FOR a veteran, if I may use the word, of the National Parks with many visits going back to the difficult days when the groups driving through the animal trails very rarely consisted of indigenous Ugandans, this Christmas was both a pleasant and dismaying eye opener.
My Christmas in the Park, managed by www.shiyaya.travel crowned my year of tourism landmarks and promised me that 2016 would be even bigger for Uganda’s tourism sector, especially local tourism (you, me and ours being tourists) – which means that we have a lot more work to do.
The vast pleasantness of my trip lay in seeing so many Ugandans in the Parks, but ironically that also dismayed me somewhat at a few turns and corners – literally, when the car accidents occurred.
On one morning, three accidents took place within a radius of a couple of kilometres, and all appeared to be caused by the reckless driving that had my group worried from the time we entered the park and noticed a disparity between the “40kph” signs and the speed at which most vehicles were actually progressing.
On a side note, I did find it uplifting to see a young government-employed Ugandan doctor squeezing his family into one corner of their vehicle in order to accommodate a bleeding accident victim, giving the man first aid at a nearby hotel, and then putting a major break into the family holiday by driving the injured man to the nearest health centre.
This doctor’s dedication to his Hippocratic Oath and service to the public still causes me to applaud him mentally every time I recall the sight of him cleaning up that patient with his family standing round in a calm state of holiday. For a fleeting moment the thought occurred that perhaps having lost his father in a motor vehicle accident, this young man was even more invested in helping the victim that day, but I put it aside and saluted Dr. Charles Ayume once again.
His was not the only display of random kindness by Ugandans in the park; hours later, we came across a Chinese fellow whose car had lost a tyre right at the top of the Murchison (Kabalega) Falls and was frantically trying to make his way to Masindi to get it fixed.
The vast number of visitors made it easy for him to hitch a ride on a tour bus full of Ugandans – another change from our situation just a few years ago, in which one was often lonely at the top of the falls, communing closely with roaring nature – but along the way he spotted another van with a spare tyre that would work on his van.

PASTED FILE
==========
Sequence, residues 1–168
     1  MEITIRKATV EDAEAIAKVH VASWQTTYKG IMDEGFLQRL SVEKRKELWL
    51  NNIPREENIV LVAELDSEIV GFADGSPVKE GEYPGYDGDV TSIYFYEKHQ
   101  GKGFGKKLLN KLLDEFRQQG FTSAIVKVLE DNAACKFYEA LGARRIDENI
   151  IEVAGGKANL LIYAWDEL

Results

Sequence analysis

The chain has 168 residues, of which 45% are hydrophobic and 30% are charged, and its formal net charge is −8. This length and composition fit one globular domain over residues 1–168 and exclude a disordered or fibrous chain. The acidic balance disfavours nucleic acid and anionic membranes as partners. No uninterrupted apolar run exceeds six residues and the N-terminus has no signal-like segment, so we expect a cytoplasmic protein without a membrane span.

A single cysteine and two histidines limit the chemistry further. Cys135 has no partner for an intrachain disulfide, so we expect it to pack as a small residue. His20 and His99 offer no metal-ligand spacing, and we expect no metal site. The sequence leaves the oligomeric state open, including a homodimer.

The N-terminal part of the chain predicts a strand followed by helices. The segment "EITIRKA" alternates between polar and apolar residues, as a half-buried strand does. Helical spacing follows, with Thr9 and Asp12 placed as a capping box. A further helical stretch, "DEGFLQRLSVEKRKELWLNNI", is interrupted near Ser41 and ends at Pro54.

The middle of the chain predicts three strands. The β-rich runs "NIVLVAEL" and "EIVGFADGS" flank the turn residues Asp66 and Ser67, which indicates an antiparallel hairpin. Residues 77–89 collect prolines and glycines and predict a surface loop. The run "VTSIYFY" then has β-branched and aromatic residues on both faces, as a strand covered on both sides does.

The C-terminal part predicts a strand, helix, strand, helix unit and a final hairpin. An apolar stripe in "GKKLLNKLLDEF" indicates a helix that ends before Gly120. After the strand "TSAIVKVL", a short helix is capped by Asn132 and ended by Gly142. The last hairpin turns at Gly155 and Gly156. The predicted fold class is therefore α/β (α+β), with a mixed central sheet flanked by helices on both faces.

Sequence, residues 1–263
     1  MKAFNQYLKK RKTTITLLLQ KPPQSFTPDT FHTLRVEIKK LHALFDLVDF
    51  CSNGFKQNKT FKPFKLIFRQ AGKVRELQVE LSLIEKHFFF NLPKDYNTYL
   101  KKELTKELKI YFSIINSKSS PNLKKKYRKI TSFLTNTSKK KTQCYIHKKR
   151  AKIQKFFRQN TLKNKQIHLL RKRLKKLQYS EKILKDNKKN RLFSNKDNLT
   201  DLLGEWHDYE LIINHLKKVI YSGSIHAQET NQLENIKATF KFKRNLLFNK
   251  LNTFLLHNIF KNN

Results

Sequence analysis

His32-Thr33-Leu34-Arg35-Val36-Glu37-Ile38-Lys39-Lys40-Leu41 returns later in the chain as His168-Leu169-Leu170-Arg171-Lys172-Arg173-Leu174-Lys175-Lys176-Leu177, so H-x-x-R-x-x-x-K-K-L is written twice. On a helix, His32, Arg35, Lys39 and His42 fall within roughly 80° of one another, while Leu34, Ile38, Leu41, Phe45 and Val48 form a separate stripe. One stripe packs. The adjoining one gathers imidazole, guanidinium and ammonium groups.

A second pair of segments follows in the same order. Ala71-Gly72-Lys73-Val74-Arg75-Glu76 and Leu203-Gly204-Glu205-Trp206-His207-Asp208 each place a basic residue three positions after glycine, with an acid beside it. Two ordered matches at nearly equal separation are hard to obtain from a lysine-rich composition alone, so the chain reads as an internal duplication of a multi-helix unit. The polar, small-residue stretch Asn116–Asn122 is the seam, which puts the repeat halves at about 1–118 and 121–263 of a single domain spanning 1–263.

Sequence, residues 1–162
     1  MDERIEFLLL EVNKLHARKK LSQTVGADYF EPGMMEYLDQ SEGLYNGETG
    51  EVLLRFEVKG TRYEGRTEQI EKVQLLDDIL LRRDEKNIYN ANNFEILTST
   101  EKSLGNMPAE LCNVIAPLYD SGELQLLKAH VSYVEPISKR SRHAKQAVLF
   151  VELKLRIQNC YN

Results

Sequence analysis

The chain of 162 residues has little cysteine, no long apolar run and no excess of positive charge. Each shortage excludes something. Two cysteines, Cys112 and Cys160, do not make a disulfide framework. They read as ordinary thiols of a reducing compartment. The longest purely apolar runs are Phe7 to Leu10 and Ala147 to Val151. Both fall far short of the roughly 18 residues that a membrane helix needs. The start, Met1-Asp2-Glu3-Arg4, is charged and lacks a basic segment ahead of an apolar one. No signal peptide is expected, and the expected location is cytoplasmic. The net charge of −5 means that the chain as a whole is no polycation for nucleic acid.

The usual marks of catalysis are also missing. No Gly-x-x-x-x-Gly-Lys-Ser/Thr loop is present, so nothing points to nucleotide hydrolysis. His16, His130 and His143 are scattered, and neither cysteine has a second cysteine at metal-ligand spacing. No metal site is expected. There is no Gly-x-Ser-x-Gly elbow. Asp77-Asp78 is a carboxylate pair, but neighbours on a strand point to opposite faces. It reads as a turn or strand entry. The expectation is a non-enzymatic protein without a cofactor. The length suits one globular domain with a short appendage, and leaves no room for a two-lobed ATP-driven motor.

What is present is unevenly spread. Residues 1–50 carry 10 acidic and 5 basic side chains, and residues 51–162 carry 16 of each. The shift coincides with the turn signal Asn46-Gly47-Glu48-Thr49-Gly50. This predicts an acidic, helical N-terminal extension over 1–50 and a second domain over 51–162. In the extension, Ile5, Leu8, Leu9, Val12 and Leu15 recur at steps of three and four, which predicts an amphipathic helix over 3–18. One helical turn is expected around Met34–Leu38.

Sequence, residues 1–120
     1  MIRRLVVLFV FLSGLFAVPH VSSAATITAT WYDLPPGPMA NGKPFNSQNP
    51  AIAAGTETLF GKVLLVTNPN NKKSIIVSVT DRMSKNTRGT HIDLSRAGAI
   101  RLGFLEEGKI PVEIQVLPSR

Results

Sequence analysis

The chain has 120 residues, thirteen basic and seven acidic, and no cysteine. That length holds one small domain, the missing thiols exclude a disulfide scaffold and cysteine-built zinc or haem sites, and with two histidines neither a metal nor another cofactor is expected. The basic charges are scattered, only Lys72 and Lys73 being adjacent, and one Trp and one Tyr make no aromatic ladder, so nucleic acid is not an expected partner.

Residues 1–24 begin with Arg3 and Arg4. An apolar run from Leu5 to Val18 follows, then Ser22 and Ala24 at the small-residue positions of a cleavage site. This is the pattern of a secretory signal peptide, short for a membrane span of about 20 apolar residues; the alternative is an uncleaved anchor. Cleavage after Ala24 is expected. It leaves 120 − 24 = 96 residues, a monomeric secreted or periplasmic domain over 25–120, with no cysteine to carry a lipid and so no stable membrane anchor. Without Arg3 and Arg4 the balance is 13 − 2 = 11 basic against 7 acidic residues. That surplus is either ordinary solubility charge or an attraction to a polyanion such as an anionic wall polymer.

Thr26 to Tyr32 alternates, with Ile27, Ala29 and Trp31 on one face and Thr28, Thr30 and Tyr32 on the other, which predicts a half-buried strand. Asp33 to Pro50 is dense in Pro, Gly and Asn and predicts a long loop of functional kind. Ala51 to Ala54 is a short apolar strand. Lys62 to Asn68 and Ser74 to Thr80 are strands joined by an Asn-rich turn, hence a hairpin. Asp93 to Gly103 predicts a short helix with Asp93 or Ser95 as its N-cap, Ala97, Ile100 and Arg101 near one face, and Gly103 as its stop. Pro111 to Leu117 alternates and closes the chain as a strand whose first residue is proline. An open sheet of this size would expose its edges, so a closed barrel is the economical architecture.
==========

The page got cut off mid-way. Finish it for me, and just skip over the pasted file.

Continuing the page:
Stopping the van, this Chinese fellow made desperate offers in exchange for the use of the spare tyre for the two or so hours it would take to get to Masindi, have it fixed, and drive back – including hard cash, the purchase of two brand new tyres for the loan of one, and handing over his tour group as hostages for as long as it took.
When the van gave him the tyre free of charge and asked that he simply leave it behind at the Shell Masindi, he failed to understand the offer. Consulting his mates, the group had an animated discussion and variously asked the van owner to clarify how, exactly, he was benefitting from this.
“I am Ugandan. You are enjoying Uganda. We are kind. I will trust you.”
The entire group was licked, and presented solemn handshakes while proclaiming in halting english about how good Ugandans are. I added them to my mental applause list.
About an hour later, I bumped into Tegrasi Ndozireho, a uniformed Uganda Wildlife Authority (UWA) Ranger with a smattering of bray hair, cradling a baby in a kangaroo pouch strapped over his military fatigues.
The sight was odd, as “Bring Your Baby To Work” is one of the last incentives I’d expect Wildlife Park Rangers to have.
He laughed and explained that he had taken the baby off a tourist so she could enjoy the experience at the top of the falls in safety and in its fullness. So he stood under the shade and rocked the little child to and fro for a while as the grateful mother traipsed about.
I couldn’t hug him, but he got signed up for mental applause as well.
There were more and more instances of these surprising bursts of Ugandan kindness and dedication to duty. Enough to make me believe that we are really ready to make tourism more than just a catchphrase by government officials.
WE must make tourism in Uganda our own, and make it work on our own as Ugandans.
2016 will be the year Ugandans realise how we ourselves can make tourism in Uganda benefit US. Iitwe. Ffe. Iife. Sisi.